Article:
There's a new development in the dispute between Microsoft and certain governmental entities relating to the (non-)enforcement of an ITC import ban against Google subsidiary Motorola Mobility's Android-based devices over a meeting scheduler feature. The United States International Trade Commission (USITC, or just ITC), which issued the relevant exclusion order in May 2012, says that Microsoft's lawsuit in the United States District Court for the District of Columbia against the Department of Homeland Security and other entities and certain officials should be dismissed without prejudice (which would enable Microsoft to refile it) in favor of the U.S. trade agency's proposed alternative, an ITC enforcement proceeding in which the substantive issues (such as whether certain Android apps do or do not fall within the scope of the ITC's exclusion order) should be resolved.
This is all about procedures -- and those procedures have important business implications. No one would doubt the ITC's ability to build an evidentiary record, hold an evidentiary hearing and issue an enforcement ruling on a matter like this. But this can easily take a year or more. That's why, considering the fast pace at which the wireless devices market moves, businesses like Microsoft obviously seek to avoid such delay where it doesn't appear necessary.
The way I read Microsoft's complaint and subsequent filings in this case, the company was perfectly aware from the outset that the legal standard for winning this case -- and especially a preliminary injunction -- against governmental agencies is high. the standard is "arbitrary and capricious". Without taking a firm position on this particular case (I don't have all of the relevant information), I do want to point out one problem that the ITC cannot solve and another type of issue that prevailing patent holders should not have to put before the ITC:
Accountability is key. In a case in which a governmental agency steps over the line in extreme ways that give an advantage to one party and disadvantage another one, there must be a way to have a court of law -- and not just another governmental agency, even if it has some limited quasi-judicial authority -- look at this and tell the government to comply.
Some Washington lobbyists misunderstood my blog post on the original complaint. It was a nonjudgmental report for the most part. I did, however, find some allegations in Microsoft's complaint that I found at least disconcerting because it appeared (and still appears) to me that Customs and Border Protection, which is merely tasked with enforcement of exclusion orders, engaged in some backroom dealmaking with Google that went too far for my taste. Let's look at it this way: if a court sends someone to jail without parole, the detention officers shouldn't negotiate a probation deal with him. Their task is to enforce, not to issue or modify rulings. Admittedly, detention is a much simpler issue than the question of whether products infringe patents. Still, enforcement must be limited to enforcement.
There are undoubtedly many cases in which the enforcement of an exclusion order raises valid questions that only the ITC itself is equipped to resolve. But where there aren't any valid questions left and the "arbitrary and capricious" standard is accordingly met, there must be a shortcut for a prevailing patentee. The "arbitrary and capricious" standard provides only a narrow corridor: the vast majority of enforcement issues must go back to the ITC, but there must also be room for extreme cases in which -- because the ruling is clear -- the enforcers are found to have failed to do their job and are told to do it. That's what this dispute will help clarify, no matter the outcome.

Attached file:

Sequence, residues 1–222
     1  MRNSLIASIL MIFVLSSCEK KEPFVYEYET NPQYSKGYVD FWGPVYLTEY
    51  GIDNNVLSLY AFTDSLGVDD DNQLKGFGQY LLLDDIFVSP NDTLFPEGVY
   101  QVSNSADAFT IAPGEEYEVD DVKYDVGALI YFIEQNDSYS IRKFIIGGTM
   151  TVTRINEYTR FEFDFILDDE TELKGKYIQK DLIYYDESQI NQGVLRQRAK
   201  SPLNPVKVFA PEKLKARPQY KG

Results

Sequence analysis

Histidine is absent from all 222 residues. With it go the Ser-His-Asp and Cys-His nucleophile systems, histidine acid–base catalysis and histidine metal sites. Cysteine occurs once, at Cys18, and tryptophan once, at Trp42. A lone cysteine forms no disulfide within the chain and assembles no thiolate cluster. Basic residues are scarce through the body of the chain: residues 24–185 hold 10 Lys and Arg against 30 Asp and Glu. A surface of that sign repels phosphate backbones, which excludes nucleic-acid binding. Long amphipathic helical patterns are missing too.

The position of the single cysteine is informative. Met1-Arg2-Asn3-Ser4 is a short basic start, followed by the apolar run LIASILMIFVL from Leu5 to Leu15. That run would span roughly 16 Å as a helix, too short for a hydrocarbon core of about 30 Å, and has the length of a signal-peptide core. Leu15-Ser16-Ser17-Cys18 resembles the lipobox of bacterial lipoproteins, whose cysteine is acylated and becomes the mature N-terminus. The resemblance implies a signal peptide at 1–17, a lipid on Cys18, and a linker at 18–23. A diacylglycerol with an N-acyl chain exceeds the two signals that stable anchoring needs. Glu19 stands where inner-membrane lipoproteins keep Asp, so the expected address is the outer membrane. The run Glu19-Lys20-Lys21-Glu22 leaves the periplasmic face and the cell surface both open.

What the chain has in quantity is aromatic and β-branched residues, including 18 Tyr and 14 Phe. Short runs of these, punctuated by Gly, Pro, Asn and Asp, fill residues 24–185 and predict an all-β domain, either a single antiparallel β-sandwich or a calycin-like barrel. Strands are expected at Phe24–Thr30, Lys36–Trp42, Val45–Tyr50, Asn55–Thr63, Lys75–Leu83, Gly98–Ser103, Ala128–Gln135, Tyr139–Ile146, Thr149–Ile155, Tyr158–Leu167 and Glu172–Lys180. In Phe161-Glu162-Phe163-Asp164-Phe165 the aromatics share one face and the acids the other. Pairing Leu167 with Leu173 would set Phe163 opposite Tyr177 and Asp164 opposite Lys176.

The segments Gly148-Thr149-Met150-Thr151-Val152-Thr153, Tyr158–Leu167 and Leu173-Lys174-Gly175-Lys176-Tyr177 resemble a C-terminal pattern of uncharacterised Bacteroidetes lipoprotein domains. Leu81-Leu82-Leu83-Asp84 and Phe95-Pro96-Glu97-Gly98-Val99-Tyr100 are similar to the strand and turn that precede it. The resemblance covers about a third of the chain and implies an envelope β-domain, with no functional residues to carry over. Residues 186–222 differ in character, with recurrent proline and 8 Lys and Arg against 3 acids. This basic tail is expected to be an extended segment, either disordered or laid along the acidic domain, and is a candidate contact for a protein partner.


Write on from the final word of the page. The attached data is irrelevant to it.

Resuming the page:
Technically, the ITC's motion is a motion for leave to submit an amicus curiae brief. No party objects to the ITC's participation, so let's assume that the brief, which the Commission attached to its motion, will soon be deemed submitted. The brief supports the Government's motion to dismiss Microsoft's lawsuit, but it does not take a position on the merits (and not even on whether the United States District Court for the District of Columbia has subject matter jurisdiction over this case): it merely argues that the ITC has primary jurisdiction over this question, and that the issue should be resolved in an ITC enforcement proceeding. The ITC proposes a dismissal without prejudice, which would enable Microsoft to still pursue its claims later, if necessary. For the reasons I explained above, the ITC's proposal comes with a justice-delayed-is-justice-denied problem for Microsoft, and an ITC enforcement proceeding is not a substitute for a court review of certain governmental agencies' actions.
I did not previously report on the Government's motion to dismiss but always intended to mention it in my next post (i.e., this post) on this case. The reason I didn't do a separate post on that motion is that Google, which is intervening in this case, previously (last month) brought a motion to dismiss, and the Government's motion was pretty consistent with Google's. I have uploaded the Government's motion to Scribd, and here's the ITC's amicus brief (as part of a motion for leave):
If you'd like to be updated on the smartphone patent disputes and other intellectual property matters I cover, please subscribe to my RSS feed (in the right-hand column) and/or follow me on Twitter @FOSSpatents and Google+.
Share with other professionals via LinkedIn: